Pegleghippie came to visit me for a few days after Christmas, and at lunch one day at a Sbarro’s turned mall pizza place, we began discussing the functionality of our degrees. What is the end goal of his philosophy, of his political science? What contribution do you make to society, short of ground-breaking new philosophical ideas? And as for myself, really, what does a classical musician do to change the world for the better? It’s a continuation of a dead art; musicians are taught, they play, and then they teach. It’s a self-continuing cycle. But what does it really bring to the table as far as the advancement of the human species goes?
So he posed me the interesting question I’m going to extrapolate here. What good is indoor plumbing without music? What’s the point of continuing the species if we don’t have art and music? In the very superficial sense of the question, music and art is the most enjoyable aspect of humanity, of creativity, of the theoretical soul. Some say that love is the greatest human ideal. Shakespeare asserts that music and love and sex are so intertwined… “If music be the food of love, play on” from Twelfth Night. (My girlfriend has this quote tattooed on her wrist, really quite pretty.)
I asked my good friend and violinist Matt if he wanted to play the Handel-Halvorssen Passacaglia for Violin and Cello, a really beautiful piece. In response, he asked if I was really ready to be that intimate with him. Taken aback, I thought I had encountered some homosexual tendencies in my friend, but we went on to have a conversation about the intimacy of sharing music like that… the smaller the chamber ensemble, the more intimate it becomes. Music and art are the truest forms of expression, unhindered by language and representing ideas and concepts and dreams and emotions more perfectly than words can describe.
Who hasn’t been brought to tears by Schindler’s list, or put in a dream-like reverie of childhood days by Monet’s Water-Lily Pond? I don’t speak German or French, yet I can very clearly understand the artist in both situations.
Not to say that language is a hindrance all the time… I mean that the many different languages cast upon us by the builders of Babel have hindered our ability to express ourselves across cultures. There is an art to language, and one might say that music and art are just alternative languages with which to express ourselves.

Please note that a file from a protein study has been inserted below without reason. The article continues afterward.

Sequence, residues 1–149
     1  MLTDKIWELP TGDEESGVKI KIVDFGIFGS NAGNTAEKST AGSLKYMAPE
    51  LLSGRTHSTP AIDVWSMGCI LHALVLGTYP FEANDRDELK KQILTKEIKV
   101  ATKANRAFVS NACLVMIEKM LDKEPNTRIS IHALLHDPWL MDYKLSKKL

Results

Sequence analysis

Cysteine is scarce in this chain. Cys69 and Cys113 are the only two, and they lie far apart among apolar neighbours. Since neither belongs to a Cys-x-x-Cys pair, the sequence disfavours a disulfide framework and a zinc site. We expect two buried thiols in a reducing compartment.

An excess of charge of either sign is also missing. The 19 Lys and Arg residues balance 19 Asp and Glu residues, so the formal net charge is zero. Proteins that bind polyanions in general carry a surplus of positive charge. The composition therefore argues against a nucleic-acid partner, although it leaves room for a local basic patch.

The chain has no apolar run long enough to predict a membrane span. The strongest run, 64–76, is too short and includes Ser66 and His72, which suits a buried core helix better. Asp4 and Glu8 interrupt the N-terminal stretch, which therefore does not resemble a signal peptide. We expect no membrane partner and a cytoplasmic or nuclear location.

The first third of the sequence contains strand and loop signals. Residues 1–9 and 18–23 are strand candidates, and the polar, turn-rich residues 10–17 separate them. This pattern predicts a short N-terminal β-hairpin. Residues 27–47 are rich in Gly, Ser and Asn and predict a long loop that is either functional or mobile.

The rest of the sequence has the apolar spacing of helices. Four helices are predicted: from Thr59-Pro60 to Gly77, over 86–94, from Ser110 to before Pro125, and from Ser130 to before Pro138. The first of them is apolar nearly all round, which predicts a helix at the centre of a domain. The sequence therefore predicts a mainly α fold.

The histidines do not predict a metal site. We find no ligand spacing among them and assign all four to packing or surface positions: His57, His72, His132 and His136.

What is language, really? Symbols, sounds that are processed and recalled. Poetry and Literature are no lesser art forms than the reader.
Literature is very associative; words are associated with pictures. We learned languages by association. We were shown a horse, and told that this was a horse. Instantly our mind is associating horses with that very first picture of a horse we saw. Over time, our mind associates more pictures and experiences of horses into this word. I’m reminded of a bit of software called Photosynth by Microsoft Live Labs when I think of this. A good lecture on Photosynth can be seen here.
Music is less associative; notes can go anywhere, mean anything. Any association with music can be taken in a different direction.
To share expression like that, to be part of such a direct conversation, would indeed be a very intimate experience. Matt maintains that such a duet would have very sexual overtones.
To the point though, Music is (my) greatest expression, and the product of my life and my life’s work. But what good is indoor plumbing if not for music? What good is any profession if there were not such expression as music to enjoy and to create? Is Music then, the goal of human existence? Is it our imperative to express ourselves? If so, then music and art be the meaning of life.
There are those that will contend with me after reading this that music and art are simply enjoyments and that we pursue our careers, and that it would simply be less meaningful without music, not totally deprived of meaning. I challenge that reader to live a month without listening to or thinking about or dreaming about or passing by music or art… it’d be impossible.